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Re: Liberate the schools

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NiallQuote:In my model of a perfect society, all children would have access to schools of the highest standard and this would be paid for by the state. Ditto for health and nutrition. Its only when children have equal access to the highest levels of services that they can have equality of opportunity.I agree completely. Chris
MadArchitect

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Re: Liberate the schools

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Well, the economic dilemma of that model of education is that the money available to the state to pay for education is usually gathered through taxation. So unless you can be reasonably sure that every tax-paying citizen in the nation has exactly the same number of children, or that the tax system is scaled in proportion to number of children, there's a rather wide inequality where people who have no children are contributing to the education of other people's children. If everyone does have the same number of people, or if the tax system is scaled so that the amount of taxes an individual pays is proportionate to the number of children one has, then you're faced with the question of "why make it state-funded at all?" -- especially since the process of taxation will serve as a sort of processing middle-man that will incease the cost of education.To my mind, it's not so problematic to devote tax money towards a level of education that serves an explicitly social end. Civics is a no brainer in this regard -- a more thorough understanding of the civic and legal rights and obligations of citizenship should promote a better society, at least when that society is democratically inclined. A state-funded education in reading and lower mathematics is not so much in the interests of promoting a better society -- it will not necessarily bring down crime rates, for example -- but I do feel it's a duty incumbent on the government to provide its citizenship with the minimum requirements for functioning in the society imposed by the state. But it does not seem to me at all intuitive that the government should be compelled to equalize the opportunities available to individual citizens, nor to subsidize equality save in historical phases where the government must counteract a previously subsidized inequality.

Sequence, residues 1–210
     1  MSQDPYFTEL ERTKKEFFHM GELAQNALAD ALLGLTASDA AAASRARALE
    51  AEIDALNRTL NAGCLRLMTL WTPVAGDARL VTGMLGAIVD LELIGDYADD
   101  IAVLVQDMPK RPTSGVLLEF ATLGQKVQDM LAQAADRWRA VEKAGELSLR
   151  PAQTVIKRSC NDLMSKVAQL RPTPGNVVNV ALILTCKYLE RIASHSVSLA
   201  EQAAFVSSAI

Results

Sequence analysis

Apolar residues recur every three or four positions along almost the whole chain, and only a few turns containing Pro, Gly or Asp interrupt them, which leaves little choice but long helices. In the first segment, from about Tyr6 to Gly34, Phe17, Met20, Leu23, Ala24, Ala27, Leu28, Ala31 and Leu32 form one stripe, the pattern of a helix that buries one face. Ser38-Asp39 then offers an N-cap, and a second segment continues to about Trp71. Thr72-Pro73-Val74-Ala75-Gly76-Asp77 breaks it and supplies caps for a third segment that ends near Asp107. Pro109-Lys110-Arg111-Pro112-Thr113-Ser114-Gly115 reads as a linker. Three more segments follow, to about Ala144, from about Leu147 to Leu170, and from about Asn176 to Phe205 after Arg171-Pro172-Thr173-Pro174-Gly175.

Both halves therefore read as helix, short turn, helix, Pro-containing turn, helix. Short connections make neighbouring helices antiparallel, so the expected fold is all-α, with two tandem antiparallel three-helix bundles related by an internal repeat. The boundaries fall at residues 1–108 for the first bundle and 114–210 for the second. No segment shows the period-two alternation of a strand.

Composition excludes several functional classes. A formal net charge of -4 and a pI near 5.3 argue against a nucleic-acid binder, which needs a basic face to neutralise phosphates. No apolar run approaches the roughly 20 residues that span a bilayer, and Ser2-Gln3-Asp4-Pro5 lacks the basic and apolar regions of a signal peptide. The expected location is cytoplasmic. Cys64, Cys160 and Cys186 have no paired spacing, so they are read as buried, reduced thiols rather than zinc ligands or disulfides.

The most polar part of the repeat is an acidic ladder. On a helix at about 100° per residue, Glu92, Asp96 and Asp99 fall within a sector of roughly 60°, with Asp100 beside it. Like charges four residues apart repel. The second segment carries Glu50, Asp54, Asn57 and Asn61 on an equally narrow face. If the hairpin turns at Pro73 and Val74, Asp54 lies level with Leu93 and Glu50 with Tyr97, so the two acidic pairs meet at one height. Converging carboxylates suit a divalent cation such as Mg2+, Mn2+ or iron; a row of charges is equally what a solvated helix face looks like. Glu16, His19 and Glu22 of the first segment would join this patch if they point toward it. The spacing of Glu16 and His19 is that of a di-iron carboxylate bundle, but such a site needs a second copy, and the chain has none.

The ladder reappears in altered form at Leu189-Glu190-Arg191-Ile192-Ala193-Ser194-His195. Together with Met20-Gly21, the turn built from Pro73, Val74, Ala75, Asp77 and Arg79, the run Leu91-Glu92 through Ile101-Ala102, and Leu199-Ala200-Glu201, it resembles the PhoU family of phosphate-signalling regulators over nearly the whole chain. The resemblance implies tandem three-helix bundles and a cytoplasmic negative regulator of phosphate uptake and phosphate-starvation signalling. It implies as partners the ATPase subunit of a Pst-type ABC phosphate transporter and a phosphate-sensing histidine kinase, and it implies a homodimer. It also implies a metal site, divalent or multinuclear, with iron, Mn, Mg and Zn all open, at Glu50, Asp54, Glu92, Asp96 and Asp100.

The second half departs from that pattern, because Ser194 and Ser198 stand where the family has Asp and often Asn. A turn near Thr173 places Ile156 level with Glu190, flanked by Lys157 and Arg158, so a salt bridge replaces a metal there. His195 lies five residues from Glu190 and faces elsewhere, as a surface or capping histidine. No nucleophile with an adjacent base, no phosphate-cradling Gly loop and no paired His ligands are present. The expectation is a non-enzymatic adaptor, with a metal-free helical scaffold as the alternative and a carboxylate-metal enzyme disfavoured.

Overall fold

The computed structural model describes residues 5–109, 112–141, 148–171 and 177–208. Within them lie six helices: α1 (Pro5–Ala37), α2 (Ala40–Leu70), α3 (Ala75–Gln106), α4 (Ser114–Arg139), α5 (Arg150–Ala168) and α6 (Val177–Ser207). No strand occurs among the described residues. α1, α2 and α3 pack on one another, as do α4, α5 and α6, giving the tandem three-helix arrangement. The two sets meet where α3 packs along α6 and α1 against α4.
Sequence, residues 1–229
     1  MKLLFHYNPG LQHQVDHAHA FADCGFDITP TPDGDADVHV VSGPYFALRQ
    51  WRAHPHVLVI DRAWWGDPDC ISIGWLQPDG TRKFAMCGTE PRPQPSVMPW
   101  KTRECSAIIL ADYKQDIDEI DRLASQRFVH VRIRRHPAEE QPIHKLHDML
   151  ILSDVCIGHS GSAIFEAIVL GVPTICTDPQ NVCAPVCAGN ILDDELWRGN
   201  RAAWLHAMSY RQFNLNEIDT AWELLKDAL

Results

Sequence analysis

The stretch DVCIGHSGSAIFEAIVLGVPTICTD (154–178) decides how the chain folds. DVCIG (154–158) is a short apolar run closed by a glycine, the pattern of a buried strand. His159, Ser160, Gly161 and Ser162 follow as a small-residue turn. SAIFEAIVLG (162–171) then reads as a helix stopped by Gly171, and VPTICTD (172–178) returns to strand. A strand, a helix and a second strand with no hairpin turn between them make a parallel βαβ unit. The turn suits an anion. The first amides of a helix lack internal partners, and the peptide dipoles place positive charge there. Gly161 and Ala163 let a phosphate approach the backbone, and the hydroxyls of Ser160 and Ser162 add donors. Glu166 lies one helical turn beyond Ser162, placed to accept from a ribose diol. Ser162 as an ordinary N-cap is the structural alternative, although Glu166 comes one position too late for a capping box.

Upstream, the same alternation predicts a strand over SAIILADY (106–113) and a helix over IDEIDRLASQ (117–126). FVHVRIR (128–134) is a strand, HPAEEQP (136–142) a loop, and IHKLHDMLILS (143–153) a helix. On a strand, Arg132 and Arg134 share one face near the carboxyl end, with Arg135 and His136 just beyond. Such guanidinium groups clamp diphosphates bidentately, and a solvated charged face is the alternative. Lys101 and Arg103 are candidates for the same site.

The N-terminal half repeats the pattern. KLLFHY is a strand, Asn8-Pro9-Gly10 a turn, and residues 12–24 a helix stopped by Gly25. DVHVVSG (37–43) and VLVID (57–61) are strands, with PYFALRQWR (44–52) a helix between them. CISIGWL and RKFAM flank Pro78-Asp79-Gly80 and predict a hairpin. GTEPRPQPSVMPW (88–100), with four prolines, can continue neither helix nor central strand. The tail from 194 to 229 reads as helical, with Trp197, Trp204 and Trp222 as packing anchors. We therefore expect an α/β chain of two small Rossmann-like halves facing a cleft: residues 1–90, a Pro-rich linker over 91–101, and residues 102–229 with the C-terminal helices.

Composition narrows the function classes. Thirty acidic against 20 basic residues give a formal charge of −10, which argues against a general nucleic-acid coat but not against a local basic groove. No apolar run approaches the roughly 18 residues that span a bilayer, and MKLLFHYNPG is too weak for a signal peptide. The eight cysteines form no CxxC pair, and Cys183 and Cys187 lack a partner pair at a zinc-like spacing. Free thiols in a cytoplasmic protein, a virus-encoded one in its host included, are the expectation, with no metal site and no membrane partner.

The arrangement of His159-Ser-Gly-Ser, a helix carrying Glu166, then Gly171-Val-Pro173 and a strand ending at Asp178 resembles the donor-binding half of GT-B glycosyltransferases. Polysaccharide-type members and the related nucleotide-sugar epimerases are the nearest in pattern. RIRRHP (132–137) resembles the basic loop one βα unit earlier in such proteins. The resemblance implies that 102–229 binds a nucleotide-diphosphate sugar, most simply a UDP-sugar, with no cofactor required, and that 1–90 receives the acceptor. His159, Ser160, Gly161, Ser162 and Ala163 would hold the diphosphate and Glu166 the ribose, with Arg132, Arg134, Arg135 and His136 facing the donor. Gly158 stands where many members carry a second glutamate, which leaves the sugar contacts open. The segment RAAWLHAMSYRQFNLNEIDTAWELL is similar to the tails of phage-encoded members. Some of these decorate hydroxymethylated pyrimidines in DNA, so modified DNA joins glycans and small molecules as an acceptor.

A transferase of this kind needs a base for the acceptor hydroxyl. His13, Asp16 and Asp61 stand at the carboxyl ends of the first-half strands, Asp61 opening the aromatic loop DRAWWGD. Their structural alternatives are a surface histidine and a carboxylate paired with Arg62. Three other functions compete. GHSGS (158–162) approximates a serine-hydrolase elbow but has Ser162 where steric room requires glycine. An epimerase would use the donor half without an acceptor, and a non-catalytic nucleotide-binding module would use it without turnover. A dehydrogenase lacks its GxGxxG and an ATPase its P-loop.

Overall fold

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Loricat
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Re: Liberate the schools

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Has anyone here ever read "The Teenage Liberation Handbook: How to Quit School and Get a Real Life and Education" by Grace Llewellyn? It's a passionate argument for an open, relaxed form of home schooling, aimed at teenagers, designed, essentially, to create autodidacts...I wish I'd read it 20 or so years ago.Lori "All beings are the owners of their deeds, the heirs to their deeds."